Edgar Allan Poe and the Masses: The Political Economy of Literature in Antebellum America. By Terence Whalen. Princeton, N.J.: Princeton University Press, c. 1999. Pp. xii, 328. $55.00
reviewed by SCOTT S. DERRICK
Terence Whalen's impressive Edgar Allan Poe and the Masses is an important and carefully researched book on Poe, and it should appeal to a broad range of academic readers. Whalen is a remarkably well versed Poe scholar in terms of both primary and secondary texts. His elegantly and lucidly written book contains a broad array of historical discussions, all of which come to have consequences for U.S. literary production in general and for Poe's writing in particular. This book is sure to crucially influence the future shape of Poe studies. It offers important commentaries on such topics as Poe's relations to antebellum racism, northern literary hegemony, cryptology ....
Whalen works to demonstrate the determining power of relations of production ....
....For Whalen, in some ways a refreshingly old-fashioned Marxist critic, such relations mark most of social life. As a consequence, his book profitably focuses attention on such diverse topics as U.S. currency debates, on the role of information in the antebellum U.S. economy, and on the crucial need to develop more contextually responsive understandings of both northern and southern racism. The scope of these discussions will make the book valuable for readers not actively engaged in Poe scholarship. Though the book does delve into quite specific debates in Poe criticism, Poe becomes, in some sense, the text's representative subject as much as its final focus.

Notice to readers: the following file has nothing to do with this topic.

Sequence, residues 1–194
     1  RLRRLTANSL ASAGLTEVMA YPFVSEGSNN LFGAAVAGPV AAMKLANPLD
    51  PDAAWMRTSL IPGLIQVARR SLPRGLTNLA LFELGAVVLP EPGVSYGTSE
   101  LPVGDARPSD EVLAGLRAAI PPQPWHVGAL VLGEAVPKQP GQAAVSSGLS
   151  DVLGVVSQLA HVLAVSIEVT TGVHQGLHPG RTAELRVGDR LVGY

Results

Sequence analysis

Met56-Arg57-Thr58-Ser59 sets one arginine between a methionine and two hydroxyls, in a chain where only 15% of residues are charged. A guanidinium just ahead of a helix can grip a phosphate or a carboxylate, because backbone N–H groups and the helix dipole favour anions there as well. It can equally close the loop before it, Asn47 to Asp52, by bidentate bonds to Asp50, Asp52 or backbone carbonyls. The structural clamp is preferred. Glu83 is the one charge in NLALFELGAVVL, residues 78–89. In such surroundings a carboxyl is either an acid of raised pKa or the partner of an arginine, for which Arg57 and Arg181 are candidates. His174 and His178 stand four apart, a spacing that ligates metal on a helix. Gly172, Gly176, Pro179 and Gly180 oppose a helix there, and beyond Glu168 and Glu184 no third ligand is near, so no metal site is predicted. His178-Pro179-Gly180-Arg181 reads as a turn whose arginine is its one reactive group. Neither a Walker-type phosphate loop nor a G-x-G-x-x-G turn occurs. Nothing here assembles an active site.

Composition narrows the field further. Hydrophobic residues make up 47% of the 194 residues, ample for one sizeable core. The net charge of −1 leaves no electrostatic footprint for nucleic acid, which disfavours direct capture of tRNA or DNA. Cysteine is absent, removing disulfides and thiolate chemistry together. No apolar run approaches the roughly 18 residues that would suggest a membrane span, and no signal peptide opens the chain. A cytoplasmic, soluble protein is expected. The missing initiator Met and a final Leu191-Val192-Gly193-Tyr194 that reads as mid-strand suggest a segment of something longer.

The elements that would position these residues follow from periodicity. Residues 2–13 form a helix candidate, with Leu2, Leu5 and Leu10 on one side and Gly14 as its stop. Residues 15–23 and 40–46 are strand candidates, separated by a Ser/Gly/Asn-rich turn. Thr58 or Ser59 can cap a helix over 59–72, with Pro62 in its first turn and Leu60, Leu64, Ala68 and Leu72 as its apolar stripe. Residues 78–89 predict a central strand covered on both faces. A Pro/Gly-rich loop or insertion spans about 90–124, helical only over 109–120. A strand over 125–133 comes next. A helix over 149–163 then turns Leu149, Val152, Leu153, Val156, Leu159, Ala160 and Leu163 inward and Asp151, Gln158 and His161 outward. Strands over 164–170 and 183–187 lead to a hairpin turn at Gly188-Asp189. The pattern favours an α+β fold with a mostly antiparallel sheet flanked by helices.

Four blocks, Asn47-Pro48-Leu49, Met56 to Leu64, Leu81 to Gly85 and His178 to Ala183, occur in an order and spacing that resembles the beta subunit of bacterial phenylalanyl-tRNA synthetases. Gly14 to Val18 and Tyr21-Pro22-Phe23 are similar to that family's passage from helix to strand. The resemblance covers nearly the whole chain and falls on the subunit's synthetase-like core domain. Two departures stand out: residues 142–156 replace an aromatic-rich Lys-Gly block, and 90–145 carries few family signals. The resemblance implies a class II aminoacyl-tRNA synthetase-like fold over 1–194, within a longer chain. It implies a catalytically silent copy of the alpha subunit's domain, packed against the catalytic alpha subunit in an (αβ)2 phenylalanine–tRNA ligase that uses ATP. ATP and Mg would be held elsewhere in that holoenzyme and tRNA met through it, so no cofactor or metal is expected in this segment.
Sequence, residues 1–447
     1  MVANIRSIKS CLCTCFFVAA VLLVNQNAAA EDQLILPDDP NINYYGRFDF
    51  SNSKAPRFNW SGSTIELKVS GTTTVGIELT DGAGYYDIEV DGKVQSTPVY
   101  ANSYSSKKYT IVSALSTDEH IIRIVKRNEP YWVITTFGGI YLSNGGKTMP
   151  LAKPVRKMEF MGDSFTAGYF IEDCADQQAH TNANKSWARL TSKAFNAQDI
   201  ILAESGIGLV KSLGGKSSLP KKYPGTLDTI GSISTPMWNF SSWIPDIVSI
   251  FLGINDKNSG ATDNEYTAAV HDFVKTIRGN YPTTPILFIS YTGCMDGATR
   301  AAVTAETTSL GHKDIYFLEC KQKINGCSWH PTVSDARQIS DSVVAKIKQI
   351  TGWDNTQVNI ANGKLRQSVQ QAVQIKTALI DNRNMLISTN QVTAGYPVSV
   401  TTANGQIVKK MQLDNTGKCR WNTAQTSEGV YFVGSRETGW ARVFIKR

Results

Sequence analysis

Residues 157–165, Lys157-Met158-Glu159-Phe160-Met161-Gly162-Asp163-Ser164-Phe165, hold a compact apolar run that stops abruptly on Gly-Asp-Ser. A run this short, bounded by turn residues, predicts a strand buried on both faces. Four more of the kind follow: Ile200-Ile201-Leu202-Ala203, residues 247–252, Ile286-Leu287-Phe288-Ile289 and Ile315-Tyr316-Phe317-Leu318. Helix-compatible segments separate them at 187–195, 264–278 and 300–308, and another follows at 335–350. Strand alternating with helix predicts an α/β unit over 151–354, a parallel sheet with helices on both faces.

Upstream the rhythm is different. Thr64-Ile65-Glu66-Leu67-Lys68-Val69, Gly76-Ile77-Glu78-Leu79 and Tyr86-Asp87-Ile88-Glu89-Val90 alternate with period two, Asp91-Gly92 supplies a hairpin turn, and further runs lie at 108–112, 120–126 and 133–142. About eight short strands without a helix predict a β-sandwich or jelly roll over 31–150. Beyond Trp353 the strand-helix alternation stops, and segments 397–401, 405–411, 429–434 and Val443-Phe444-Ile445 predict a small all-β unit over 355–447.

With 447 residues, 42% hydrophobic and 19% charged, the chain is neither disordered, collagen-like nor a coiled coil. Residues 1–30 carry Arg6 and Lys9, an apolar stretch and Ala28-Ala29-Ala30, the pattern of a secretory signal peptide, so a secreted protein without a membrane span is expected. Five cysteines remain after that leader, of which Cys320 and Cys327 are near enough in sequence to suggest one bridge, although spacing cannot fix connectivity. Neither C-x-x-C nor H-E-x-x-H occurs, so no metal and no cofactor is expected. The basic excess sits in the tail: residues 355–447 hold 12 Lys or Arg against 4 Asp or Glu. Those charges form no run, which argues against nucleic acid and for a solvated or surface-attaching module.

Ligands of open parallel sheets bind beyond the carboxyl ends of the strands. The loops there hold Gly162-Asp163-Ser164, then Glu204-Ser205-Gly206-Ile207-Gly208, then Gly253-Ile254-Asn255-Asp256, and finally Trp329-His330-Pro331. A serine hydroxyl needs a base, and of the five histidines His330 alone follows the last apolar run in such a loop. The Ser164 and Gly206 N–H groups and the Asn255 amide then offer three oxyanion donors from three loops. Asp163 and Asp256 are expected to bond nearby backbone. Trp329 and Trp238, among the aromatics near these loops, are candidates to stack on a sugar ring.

Because Whalen's fusion of wide-ranging antebellum history and Poe's professional agonies is such a generally successful one, the book is of methodological interest in terms of its account of the relation of literature and culture. The idea that figures such as Hawthorne, Thoreau, Melville, and, later, Henry James were traumatized by the literary marketplace is certainly not a new one. Whalen's contribution lies in his success in making questions of literary production internal to so many issues in Poe criticism and to so much of Poe's literary output. In ignoring many conventional biographical concerns in Poe scholarship as matters of "mere intimacy," Whalen produces a case worth considering for the perhaps scandalous proposition that, "from the standpoint of the commercial writer, nothing is more intimate than production" (p. 22). It remains to be seen how successfully this argument might be extended to other nineteenth-century figures whose relation to the market seems less abjectly unsuccessful. Whalen's vision of Poe as generally a captive figure obsessed....
I am also struck by the near total absence in the book of references to gender, which mediates in important ways the relations of most nineteenth century male writers to the market. The implications of gender can be psychological and belong to what Whalen dismisses as "intimacy," but gender also operates, I would argue, like race, as a material, public fact. Absense gender considerations, though perhaps not totally unexpected in the context of a Marxist analysis, strikes me as a troubling feature of a generally fine and compelling book that I recommend with enthusiasm. ---
The table of contents from Whalen's book gives a good sense of its breadth and usefulness:
Pt. 1 Capitalism and Literature
Ch. 1 Introduction: Minor Writing and the Capital Reader
Ch. 2 The Horrid Laws of Political Economy
Ch. 3 Fables of Circulation: Poe's influence on the Messenger
Ch. 4 Poe and the Masses
Pt. 2 Race and Region
Ch. 5 Average Racism: Poe, Slavery, and the Wages of Literary Nationalism
Ch. 6 Subtle Barbarians: The Southern Voyage of Edgar Allan Poe
Pt. 3 Mass Culture
Ch. 7 The Code for Gold: Poe and Cryptography
Ch. 8 Culture of Surfaces
Ch. 9 The Investigating Angel: Poe, Babbage, and "The Power of Words"
Amateur video tour of Poe's Baltimore house on Oct. 7, 160th anniversary of his death.